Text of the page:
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The Delta Pilots Have Voted On Strike Authorization



The Delta Pilots Have Voted On Strike Authorization

(CTN News) – To raise the stakes in labor contract negotiations, Delta pilots voted to authorize union leaders to call a strike if negotiations fail.

However, the vote does not imply that a strike is imminent. Instead, it is intended to send a message to management that the airline’s nearly 15,000 pilots are united in their demand for higher pay from union negotiators.

Several major U.S. airports were picketed by Delta pilots during the summer travel season amid concerns about staffing challenges as air travel rebounds from the worst of the pandemic.

Delta pilots union members participated in the vote to authorize union leaders to call a strike if necessary, and 96% voted in favor, according to ALPA.

Before pilots are granted the right to strike under the Railway Labor Act, which governs airline and rail labor relations, they must overcome a number of hurdles.

Delta management stated in a written statement that its pilots are not on strike, so this authorization vote will not have an effect on the operation of the airline for its customers.

The purpose of ALPA’s vote is to gain leverage in our ongoing pilot contract negotiations, which are proceeding in accordance with the Railway Labor Act and in partnership with the National Mediation Board.”

A new contract was to be negotiated between the pilots’ union and Delta in 2019, however negotiations were suspended during the pandemic. In the early part of this year, mediated discussions were resumed with Delta management. In 2016, the last contract was negotiated.

A strike ballot was opened last month after Delta management presented the union with a pay proposal that fell “substantially short” of expectations. The voting process continued through Monday.

In a written statement, Jason Ambrosi, head of Delta’s pilots union and recently elected national president of the Air Line Pilots Association beginning in 2023, stated that Delta pilots have sent a clear message to management that they are willing to go the extra mile in order to achieve a contract that reflects the value we bring to Delta Air Lines as frontline leaders.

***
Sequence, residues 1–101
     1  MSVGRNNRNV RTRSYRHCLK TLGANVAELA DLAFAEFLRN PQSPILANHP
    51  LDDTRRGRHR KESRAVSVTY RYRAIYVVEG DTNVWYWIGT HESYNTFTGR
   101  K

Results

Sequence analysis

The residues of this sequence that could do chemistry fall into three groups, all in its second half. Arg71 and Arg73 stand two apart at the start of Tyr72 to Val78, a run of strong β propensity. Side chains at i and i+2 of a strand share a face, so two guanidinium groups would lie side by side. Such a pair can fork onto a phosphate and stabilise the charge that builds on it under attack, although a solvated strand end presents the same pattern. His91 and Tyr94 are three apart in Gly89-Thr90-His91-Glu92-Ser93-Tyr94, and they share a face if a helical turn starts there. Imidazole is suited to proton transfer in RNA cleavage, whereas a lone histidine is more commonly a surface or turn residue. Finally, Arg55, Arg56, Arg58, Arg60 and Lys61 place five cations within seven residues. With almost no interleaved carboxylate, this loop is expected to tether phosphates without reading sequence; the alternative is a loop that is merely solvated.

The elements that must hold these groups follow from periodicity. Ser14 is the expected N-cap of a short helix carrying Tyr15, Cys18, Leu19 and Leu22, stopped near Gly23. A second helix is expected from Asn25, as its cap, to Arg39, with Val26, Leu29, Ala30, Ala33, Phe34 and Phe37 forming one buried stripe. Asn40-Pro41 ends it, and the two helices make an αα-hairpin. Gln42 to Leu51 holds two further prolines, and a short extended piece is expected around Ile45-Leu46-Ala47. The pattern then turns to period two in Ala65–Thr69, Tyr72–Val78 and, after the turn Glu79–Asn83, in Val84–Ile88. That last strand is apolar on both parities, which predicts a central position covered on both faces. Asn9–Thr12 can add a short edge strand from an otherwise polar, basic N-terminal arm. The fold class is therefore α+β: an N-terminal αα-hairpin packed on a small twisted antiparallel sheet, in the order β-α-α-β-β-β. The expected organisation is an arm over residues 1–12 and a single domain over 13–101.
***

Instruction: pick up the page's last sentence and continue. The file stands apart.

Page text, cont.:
“Our goal is not to strike, but to reach an agreement,” Ambrosi stated. “The ball is in the management’s court. The Company needs to get serious at the bargaining table and invest in Delta pilots.”

This year, the pilots have pickedeted at Hartsfield-Jackson and other major airports across the country in support of a new contract.

Their concerns were raised earlier this year regarding staffing issues that were driving more overtime and what the union described as “fatiguing schedules.”

Delta Pilots’ union wrote an open letter to customers expressing their frustration over the proliferation of delays and cancellations early in the summer season.

Delta and the union have made significant progress in their negotiations and are only left with a few contract sections to resolve.

As in past negotiations, Delta Pilots is confident that the parties will reach a fair and equitable agreement.

The National Mediation Board must determine that further mediation will not be successful, release the two sides from mediation and offer arbitration, followed by a 30-day cooling off period.


Pilots Of Delta Air Lines Vote To Authorize a Strike. No Effect On Flights For Now

Salman Ahmad is a seasoned writer for CTN News, bringing a wealth of experience and expertise to the platform. With a knack for concise yet impactful storytelling, he crafts articles that captivate readers and provide valuable insights. Ahmad's writing style strikes a balance between casual and professional, making complex topics accessible without compromising depth.

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